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1:35 M4A1 Profipack - Eduard


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1/35 M4A1

Catalogue #3716
Available direct from 
Eduard for €35,96

Bunny Fighter Club price: €30,54






Eduard really looks like betting again on armour models, by given a new Sherman on the block.

After some long hiatus, now Eduard releases the second armour model kit. Not new mold or Eduard molds but rebox.


And what a rebox… we going there just in a minute!


I thought quite hard (until my head hurts…ok not that much) about doing a brief history or now about the Sherman or specifically of the M4A1.


I really not a Shermanholic, and I do know some basis of Sherman history, but who doesn`t?


So, forgive me, but I will skip presenting the Sherman!! Come on, it’s a Sherman, every single modeler knows the Sherman. J


Now down to business:


The kit comes packaged under the Eduard ProfiPACK banner clearly recognizable on the lift of lid.

Precisely at this point I recall the Tiger II review (by my good friend Martin) where I was disappointed about the “profipack” concept (in armour for Eduard)… So I open the box and start looking for the goodies….


And I found it: a medium size and high quality photo-etched sheet.


But we will get there later on.

So back to the box, the artwork is quite amazing and eye catching… Modelers before being modelers are collectors… so an eye catching box is half way to the modeler to say: WANT.

All the artwork and side profiles make a perfect box just appealing the modeler to buy.


All the sprues are bagged separately by species, so the repeated sprues are together.

The decal sheet was left loose and unprotected as was the booklet… a strange option but no damage in any on either.

The photo etch sheet was its own clear plastic re-sealing type bag with a thick piece of card inside the bag. The usual care to have with photo etches.


The plastic parts are all from Tasca/Asuka M4A1 Sherman.

If you check any review for Tasca Sherman you can see that this I simply the best Sherman available in 1:35, so it`s a fantastic choice from Eduard and great to see it in Eduard label and more affordable then Tasca option and with extras.


Knowing that Tasca release 3 early versions (Firefly,  Mid Production and Late Production), I start digging on the model to try to see with one is it and the answer is on the tracks. So I will start this review by the tracks!


And as said, the answer is quite simple. The tracks are the T48 Ruber Chevron Block, one of the most common on early Sherman and that means this Sherman in a Late type production (Tasca model kit 35012).








The tracks, as said, are the T48 Ruber Chevron Block and are four vinyl parts in black rubber. They look quite fine with a good track pad detail and with no major problem as they are quite flexible. However, as all vinyl tacks, the attachment points are their weakness.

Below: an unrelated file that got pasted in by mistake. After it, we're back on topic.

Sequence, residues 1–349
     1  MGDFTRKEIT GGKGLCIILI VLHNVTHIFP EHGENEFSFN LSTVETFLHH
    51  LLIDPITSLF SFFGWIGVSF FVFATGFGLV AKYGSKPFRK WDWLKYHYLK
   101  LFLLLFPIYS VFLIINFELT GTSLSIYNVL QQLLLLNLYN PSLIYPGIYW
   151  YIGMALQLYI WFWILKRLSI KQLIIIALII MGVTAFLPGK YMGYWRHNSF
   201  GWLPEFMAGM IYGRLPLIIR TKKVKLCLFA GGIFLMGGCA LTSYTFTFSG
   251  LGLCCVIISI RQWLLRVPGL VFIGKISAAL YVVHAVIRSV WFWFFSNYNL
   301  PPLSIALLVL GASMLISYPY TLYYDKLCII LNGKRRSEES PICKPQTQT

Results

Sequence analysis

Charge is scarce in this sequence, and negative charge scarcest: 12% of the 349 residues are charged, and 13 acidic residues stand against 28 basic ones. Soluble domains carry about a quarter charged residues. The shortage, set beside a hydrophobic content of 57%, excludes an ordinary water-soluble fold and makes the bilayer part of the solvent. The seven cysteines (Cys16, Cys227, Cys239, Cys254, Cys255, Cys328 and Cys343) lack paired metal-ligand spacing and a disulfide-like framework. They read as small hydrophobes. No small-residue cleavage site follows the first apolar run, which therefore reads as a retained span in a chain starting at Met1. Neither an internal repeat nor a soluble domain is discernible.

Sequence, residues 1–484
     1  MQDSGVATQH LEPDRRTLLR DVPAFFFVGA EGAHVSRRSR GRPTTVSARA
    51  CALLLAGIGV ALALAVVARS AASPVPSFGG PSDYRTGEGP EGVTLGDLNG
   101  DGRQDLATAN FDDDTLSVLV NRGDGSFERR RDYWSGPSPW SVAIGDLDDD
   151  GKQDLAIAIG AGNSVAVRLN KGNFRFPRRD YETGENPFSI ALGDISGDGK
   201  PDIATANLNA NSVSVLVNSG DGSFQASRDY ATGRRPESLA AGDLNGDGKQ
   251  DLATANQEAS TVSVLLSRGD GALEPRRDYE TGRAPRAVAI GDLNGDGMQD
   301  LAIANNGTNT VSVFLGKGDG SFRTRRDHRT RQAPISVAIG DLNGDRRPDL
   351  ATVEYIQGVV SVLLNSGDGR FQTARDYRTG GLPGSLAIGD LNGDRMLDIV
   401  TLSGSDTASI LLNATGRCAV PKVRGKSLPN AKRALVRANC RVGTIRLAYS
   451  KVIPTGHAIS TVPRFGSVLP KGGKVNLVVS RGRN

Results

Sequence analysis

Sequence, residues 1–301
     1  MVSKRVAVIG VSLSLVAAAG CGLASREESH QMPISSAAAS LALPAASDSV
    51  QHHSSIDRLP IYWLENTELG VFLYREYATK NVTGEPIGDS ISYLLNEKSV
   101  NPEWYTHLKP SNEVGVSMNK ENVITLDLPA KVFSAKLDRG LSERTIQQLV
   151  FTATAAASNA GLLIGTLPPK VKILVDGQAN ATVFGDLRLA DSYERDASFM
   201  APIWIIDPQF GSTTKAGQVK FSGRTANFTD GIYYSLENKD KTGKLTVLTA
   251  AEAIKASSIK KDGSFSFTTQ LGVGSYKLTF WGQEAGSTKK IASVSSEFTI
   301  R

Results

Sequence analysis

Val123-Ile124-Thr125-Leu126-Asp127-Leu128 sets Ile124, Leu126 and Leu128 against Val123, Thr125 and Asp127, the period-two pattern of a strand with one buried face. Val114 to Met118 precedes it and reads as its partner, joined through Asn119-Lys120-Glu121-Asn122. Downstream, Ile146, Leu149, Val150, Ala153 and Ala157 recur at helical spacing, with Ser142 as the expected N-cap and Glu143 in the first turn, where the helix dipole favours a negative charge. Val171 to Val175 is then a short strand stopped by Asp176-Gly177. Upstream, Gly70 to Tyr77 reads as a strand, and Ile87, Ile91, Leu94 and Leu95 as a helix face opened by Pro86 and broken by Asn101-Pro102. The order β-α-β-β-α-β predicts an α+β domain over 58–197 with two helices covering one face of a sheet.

Here I think I will go the metal link to link track.



Now to the plastic.

The kit contents besides the vinyl tracks, 18 plastic sprues, 1 sprue with polycaps, 1 Pe-fret, decal sheet and assembly manual.

The plastic is in an olive green color and molding quality is very good, as expected.

I check all the parts and sprues and you won't find flash anywhere.


Starting with the upper hull (sprue H), this comes in a single cast part, with sharp detail. The detail is quite impressive mainly on the casting hull texturing.    










 Is quite soft and really subtle that conveying a real sense of iron. Equal texture to the turret!  Simply outstanding.



The upper hull also have opening for crew hatches and full engine deck with a option to let it open (which makes sense if you put a full detail engine bay on it)

I do not know much about Sherman (as I already said) but looking carefully shaped to the upper hull , it seems to me perfectly correct.This kit is not new and was appointed when he came out as the best Sherman at 1:35. Since then, it has remained nothing worthy of record that put in question such a title.So I will not lose myself in accuracy issues, than has been much debated when release and by whom the subject actually perceives.



Passing on to the lower hull (sprue E), this one is in several parts. An original Tasca option (not much appreciated by me, as I prefer a full lower hull that doesn`t give any fitting and alignment issues) that gives the aftermarkets and scratch builders plenty of room to super detail as the upper hull, as we saw, does have hatches on the front and engine bay.










The sprue J will give the end up of the hull itself by given sprocket attachment piece and front lower hull. This sprue also got the 75 mm gun in two pieces.









 I would be personally sorely tempted to seek out an aftermarket replacement in aluminium even thought I already saw finish Sherman with the 75 mm gun directly OOB with great results.